Hackers target PGA servers, seek Bitcoin ransom

ST. LOUIS — It’s not just elections. Hackers are now targeting major golf tournaments too.

Shadowy bandits have hijacked the PGA of America’s computer servers, locking officials out of crucial files related to this week’s PGA Championship at Bellerive Country Club and the upcoming Ryder Cup in France.

Staff realized Tuesday morning that their systems had been compromised when attempts to work on the files generated an ominous message: “Your network has been penetrated. All files on each host in the network have been encrypted with a strong algorythm [sic].”

Any attempt to break the encryption could cause the loss of all of the work, the hackers warned. “This may lead to the impossibility of recovery of certain files,” the message threatened.

The files contained creative materials for the PGA Championship at Bellerive and next month’s Ryder Cup in France. That includes extensive promotional banners and logos used in digital and print communications, and on digital signage around the grounds at Bellerive. The stolen files also include development work on logos for future PGA Championships. Some of the work began more than a year ago and cannot be easily replicated.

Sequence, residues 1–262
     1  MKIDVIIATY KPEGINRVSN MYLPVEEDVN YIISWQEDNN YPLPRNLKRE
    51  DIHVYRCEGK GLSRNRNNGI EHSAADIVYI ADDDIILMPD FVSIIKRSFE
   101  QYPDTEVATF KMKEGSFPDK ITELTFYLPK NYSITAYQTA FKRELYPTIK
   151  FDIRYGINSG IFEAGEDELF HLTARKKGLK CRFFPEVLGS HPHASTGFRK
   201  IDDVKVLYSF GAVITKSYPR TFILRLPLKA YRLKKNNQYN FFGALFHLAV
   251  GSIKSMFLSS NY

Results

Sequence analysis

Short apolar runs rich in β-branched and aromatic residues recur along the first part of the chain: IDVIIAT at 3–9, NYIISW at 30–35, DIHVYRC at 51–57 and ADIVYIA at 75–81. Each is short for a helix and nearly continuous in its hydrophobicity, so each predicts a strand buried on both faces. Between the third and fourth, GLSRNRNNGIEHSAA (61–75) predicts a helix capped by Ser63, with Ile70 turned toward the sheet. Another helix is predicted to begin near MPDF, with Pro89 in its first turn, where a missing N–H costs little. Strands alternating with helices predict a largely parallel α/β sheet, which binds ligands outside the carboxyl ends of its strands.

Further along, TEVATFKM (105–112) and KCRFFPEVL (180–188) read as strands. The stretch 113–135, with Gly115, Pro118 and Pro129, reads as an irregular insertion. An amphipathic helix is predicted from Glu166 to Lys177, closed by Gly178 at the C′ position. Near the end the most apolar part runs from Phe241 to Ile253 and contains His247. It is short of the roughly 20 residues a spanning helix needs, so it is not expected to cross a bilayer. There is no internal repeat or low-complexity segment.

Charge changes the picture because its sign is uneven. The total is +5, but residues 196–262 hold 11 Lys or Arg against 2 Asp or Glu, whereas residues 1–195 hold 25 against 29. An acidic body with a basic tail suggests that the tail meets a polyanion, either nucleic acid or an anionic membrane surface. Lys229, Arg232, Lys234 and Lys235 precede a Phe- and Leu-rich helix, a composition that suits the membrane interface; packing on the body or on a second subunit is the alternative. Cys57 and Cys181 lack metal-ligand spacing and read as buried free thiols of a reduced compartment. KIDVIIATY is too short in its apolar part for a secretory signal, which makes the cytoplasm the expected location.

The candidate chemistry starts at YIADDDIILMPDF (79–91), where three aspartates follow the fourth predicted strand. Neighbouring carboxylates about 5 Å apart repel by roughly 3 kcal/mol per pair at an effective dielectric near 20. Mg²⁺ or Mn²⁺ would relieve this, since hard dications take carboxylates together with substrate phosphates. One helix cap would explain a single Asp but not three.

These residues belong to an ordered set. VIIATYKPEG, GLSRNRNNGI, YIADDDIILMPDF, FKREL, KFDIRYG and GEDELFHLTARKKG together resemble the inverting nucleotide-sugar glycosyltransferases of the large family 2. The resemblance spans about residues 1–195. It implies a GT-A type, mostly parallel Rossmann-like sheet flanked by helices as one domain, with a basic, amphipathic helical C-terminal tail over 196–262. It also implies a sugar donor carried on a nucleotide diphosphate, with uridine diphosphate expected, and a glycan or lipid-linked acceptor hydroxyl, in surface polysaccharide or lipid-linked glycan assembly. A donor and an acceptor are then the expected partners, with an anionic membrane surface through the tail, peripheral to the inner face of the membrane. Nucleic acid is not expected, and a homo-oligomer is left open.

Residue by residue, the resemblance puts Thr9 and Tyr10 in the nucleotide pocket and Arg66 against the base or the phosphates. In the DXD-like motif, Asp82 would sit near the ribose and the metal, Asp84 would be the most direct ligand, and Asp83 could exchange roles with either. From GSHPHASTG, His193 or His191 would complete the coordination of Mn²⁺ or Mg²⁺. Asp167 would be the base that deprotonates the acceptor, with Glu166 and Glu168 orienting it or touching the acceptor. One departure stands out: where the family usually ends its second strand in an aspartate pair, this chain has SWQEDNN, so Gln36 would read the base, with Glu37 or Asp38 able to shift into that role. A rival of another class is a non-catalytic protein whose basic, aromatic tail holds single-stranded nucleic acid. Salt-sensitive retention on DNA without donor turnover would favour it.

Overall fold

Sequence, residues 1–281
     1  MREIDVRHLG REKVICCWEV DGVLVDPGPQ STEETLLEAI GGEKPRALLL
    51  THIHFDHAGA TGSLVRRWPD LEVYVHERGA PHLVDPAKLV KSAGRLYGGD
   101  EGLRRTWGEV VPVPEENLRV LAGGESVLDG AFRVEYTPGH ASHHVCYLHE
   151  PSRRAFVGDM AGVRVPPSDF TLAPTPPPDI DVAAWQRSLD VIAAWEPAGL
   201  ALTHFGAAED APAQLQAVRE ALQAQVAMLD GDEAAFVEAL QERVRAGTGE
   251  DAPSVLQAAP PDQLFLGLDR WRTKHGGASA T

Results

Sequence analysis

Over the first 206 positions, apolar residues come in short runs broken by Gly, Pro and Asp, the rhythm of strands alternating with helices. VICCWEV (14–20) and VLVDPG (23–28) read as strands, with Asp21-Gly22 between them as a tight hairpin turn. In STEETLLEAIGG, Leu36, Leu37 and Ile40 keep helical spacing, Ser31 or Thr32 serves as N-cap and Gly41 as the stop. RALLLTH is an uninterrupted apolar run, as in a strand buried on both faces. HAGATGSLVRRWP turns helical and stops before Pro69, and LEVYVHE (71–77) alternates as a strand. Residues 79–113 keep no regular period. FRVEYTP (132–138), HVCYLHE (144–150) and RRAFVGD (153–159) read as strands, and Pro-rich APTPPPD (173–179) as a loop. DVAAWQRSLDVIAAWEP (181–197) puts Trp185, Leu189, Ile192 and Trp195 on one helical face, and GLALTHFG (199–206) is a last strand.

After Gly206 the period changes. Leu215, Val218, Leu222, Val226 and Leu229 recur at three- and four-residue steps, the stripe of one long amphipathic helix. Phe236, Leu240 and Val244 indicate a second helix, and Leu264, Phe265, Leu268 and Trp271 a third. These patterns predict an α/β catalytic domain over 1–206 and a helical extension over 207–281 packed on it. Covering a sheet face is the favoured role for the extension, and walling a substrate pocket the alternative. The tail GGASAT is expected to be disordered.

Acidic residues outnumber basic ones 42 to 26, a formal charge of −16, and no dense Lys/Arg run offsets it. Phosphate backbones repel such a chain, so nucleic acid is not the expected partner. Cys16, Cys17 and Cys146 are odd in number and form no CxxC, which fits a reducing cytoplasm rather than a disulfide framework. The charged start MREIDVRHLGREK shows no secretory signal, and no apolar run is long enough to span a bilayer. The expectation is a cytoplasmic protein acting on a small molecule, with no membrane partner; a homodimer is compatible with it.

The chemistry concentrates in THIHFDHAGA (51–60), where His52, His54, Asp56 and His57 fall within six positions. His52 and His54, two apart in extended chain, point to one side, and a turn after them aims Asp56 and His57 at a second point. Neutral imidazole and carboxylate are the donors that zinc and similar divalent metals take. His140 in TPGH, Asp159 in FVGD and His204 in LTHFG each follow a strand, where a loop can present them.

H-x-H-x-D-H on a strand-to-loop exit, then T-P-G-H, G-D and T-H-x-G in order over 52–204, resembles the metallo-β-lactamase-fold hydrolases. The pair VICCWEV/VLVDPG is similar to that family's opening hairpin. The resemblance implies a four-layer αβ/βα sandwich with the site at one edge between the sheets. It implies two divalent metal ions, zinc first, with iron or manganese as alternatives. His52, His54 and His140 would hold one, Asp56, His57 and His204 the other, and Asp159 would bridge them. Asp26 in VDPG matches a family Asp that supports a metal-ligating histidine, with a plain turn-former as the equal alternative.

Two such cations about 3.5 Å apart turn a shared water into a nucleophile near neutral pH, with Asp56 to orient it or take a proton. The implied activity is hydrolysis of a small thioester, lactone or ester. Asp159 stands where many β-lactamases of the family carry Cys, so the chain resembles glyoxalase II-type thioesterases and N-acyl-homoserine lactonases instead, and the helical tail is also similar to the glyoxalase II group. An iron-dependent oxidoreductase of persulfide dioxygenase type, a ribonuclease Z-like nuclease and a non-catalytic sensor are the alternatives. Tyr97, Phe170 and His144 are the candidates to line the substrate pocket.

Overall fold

The hackers quickly made clear that their goal was extortion.

“We exclusively have decryption software for your situation,” they wrote. “No decryption software is available in the public.”

An encrypted email address was included with an offer for the PGA of America to send the hackers two files which they would decrypt as evidence of their “honest intentions.”

The message also included a Bitcoin wallet number, but no specific ransom amount was demanded for the return of the files. Bitcoin wallets are not linked to a particular person or entity and cannot be used to identify suspects.

The PGA of America does not intend to meet any extortion demands, according to a source who spoke on condition of anonymity because they were not authorized to speak on the matter.

The organization’s IT team scrambled to address the issue but has not yet regained complete control of the files, nor identified the source of the hacking.

As of Wednesday afternoon, officials had still not regained complete control of their servers. It’s not believed that the hacking has yet impacted the PGA Championship and outside IT experts have been engaged to ensure the tournament is unaffected.

A spokesperson for the PGA of America said the organization would be declining comment on the hacking because it is an ongoing situation.

Follow Us:

Golfweek's Best